To achieve the objects described in the second part of the summary, the present invention grows a sacrificial layer on the substrate before the epitaxy growth process in order to manufacture a high power nitride-based light-emitting diode. Then, a nitride semiconductor epitaxy layer is grown on the sacrificial layer. After using a chip binding technique to bind the light-emitting structure of the nitride semiconductor and the substrate with high thermoconductivity together, the sacrificial layer can be entirely etched away by a chemical solution used in a chemical etching process. The nitride semiconductor epitaxy layer is placed on the substrate with high thermoconductivity. Then, the micro-lithography, evaporation, etching, pressing, and dicing steps are used to fabricate the light-emitting diode. Finally, the epitaxy layer is placed on the substrate with high thermoconductivity. This achieves a vertical structure that requires a single conductive wire. Furthermore, because the substrate has high thermoconductivity, the diode can operate at high electrical current to improve the light output power.

Referring to FIGS. 16-30 for the following description and first referring to FIG. 16, a conventional nitride-based light-emitting diode structure 70 comprises an Al2O3 substrate 74, a P-type nitride semiconductor epitaxy layer 71, and an N-type nitride semiconductor epitaxy layer 73. Expitaxy layers 71, 73 are grown on the substrate 74 with a conventional epitaxy growing technique. Because the substrate 74 is an insulator, both P-type and N-type electrodes are placed on the same side of the substrate 74. This reduces the effective area for light emitting on the diode. In addition, because Al2O3 has low thermoconductivity, the diode cannot operate at high electrical current.

FIG. 17 shows the method disclosed in U.S. Pat. No. 6,420,242, by Cheung et al. The method, by using an excimer laser to separate the Al2O3 substrate and the nitride semiconductor epitaxy layer, is difficult to materialize and has a poor yield rate.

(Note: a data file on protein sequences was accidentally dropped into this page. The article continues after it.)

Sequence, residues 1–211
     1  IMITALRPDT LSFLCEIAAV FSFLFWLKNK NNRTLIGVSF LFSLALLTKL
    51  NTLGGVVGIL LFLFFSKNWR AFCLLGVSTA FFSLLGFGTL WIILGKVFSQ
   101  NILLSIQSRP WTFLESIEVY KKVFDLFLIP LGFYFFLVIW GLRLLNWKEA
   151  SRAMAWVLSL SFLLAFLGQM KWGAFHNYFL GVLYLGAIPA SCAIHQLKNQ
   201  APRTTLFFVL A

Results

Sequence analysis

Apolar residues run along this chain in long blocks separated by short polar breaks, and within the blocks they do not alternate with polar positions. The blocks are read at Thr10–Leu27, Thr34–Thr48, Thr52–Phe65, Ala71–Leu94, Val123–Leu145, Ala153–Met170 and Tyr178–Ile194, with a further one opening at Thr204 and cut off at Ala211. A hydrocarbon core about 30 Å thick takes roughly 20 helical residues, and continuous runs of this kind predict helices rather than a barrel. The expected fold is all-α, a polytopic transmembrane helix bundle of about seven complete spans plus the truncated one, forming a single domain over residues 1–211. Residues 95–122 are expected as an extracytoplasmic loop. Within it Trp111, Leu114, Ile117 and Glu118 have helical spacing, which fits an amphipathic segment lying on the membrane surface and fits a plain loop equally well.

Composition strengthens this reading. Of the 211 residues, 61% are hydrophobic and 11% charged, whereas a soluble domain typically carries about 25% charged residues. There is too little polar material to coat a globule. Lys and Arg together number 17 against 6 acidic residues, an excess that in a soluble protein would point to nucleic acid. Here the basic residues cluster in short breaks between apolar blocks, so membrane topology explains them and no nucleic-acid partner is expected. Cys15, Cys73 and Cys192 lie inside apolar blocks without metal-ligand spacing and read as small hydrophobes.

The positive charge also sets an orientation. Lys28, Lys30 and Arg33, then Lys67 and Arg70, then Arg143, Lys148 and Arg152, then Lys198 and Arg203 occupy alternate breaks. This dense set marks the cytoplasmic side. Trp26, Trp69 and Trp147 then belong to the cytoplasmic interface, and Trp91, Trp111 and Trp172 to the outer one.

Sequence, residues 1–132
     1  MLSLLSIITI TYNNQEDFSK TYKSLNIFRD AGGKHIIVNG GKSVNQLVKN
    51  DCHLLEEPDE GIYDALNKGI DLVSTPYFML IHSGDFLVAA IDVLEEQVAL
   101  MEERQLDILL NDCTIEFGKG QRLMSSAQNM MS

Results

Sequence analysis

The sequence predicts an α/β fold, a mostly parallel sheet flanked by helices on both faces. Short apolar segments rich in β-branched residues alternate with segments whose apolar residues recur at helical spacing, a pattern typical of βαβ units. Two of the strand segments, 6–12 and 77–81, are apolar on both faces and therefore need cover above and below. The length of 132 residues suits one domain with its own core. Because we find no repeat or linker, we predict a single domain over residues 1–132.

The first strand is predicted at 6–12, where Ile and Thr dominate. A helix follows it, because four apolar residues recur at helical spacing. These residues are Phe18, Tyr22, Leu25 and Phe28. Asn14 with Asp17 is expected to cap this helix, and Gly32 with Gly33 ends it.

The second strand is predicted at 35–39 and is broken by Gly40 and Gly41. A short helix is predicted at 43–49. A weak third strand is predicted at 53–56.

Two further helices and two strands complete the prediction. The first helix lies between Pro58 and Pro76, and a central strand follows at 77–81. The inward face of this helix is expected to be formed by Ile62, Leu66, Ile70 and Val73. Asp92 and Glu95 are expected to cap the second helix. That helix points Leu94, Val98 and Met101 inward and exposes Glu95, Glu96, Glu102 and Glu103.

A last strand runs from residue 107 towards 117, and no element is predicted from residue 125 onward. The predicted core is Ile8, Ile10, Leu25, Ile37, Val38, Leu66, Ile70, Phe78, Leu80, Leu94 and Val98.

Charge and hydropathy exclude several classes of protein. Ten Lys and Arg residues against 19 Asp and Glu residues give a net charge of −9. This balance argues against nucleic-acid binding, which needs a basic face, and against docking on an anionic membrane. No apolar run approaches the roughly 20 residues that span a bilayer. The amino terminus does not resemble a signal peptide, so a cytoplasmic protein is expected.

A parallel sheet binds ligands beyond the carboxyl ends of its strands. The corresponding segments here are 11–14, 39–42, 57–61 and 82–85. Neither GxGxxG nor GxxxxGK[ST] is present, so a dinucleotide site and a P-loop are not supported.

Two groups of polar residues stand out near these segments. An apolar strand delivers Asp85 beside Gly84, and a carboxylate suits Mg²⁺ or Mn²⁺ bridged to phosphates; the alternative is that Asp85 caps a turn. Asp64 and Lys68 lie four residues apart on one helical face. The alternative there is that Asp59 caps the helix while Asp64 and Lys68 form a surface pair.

To improve the shortcoming in the conventional techniques, a sacrificial layer 26-35 is fabricated on the Al2O3 substrate, in a pattern as shown in FIGS. 18-27. Referring to FIG. 28 for the flowchart of method 100: fabricating a sacrificial layer using any of the following methods: epitaxy deposition, sputtering, plasma deposition, sol-gel, hot isostaic pressing, chemical vapor deposition (CVD), beam evaporation (step 110). The thickness of the sacrificial layer is 0.01-3 μm, and width 0.1-1000 μm. After the sacrificial layer is fabricated, the Al2O3 substrate is placed in an epitaxy growing machine for fabricating nitride semiconductor epitaxy growth using any of the following methods: MOCVD, induced electrode coupling plasma CVD, sputtering, HVPE, sol-gel (step 120). In step 130, a chip binding technique is used to bind the light-emitting structure of the nitride semiconductor and the substrate having high thermoconductivity with a binding layer, followed by etching away the entire sacrificial layer with a chemical solution used in a chemical etching process (step 140). The nitride epitaxy layer can then be replaced, in large area, on a substrate with high thermoconductivity. Finally, a light-emitting diode is manufactured with micro-lithography, evaporation, etching (step 150), pressing, dicing (step 160), and packaging (step 170) steps. By varying the size of the sacrificial layer to match the epitaxy growth condition, the light-emitting diodes with the structures 39, 40 can be manufactured, as shown in FIGS. 29, 30.

The material for the sacrificial layer can be ITO, In2O3, TiO2, ZrO2, ZnS, ZnO, ZnSe, or MgO.

The high power light-emitting diode manufactured with the techniques described above can operate at an electrical current five times higher than that of a conventional light-emitting diode.

The present invention uses the sacrificial layer to reduce the defects of the nitride semiconductor layer, and improves the internal quantum efficiency of the diode.

The present invention provides a simple structure, prior to the epitaxy growth process, to achieve a high power light-emitting diode.

While the invention has been described in connection with what is presently considered to the most practical and preferred embodiment, it is to be understood that the invention is not to be limited to the disclosed embodiments, but, on the contrary, it should be clear to those skilled in the art that the description of the embodiment is intended to cover various modifications and equivalent arrangement included within the spirit and scope of the appended claims.

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Classifications
U.S. Classification257/103, 257/E33.068, 257/98
International ClassificationH01L33/32
Cooperative ClassificationH01L33/22, H01L33/32
European ClassificationH01L33/32, H01L33/22
Legal Events
DateCodeEventDescription
Dec 29, 2003ASAssignment
Owner name: FORMOSA EPITAXY INCORPORATION, TAIWAN
Free format text: ASSIGNMENT OF ASSIGNORS INTEREST;ASSIGNORS:FANG, CHAO-YI;YANG, KUANG-NENG;CHIEN, FEN-REN;AND OTHERS;REEL/FRAME:014862/0001
Effective date: 20031120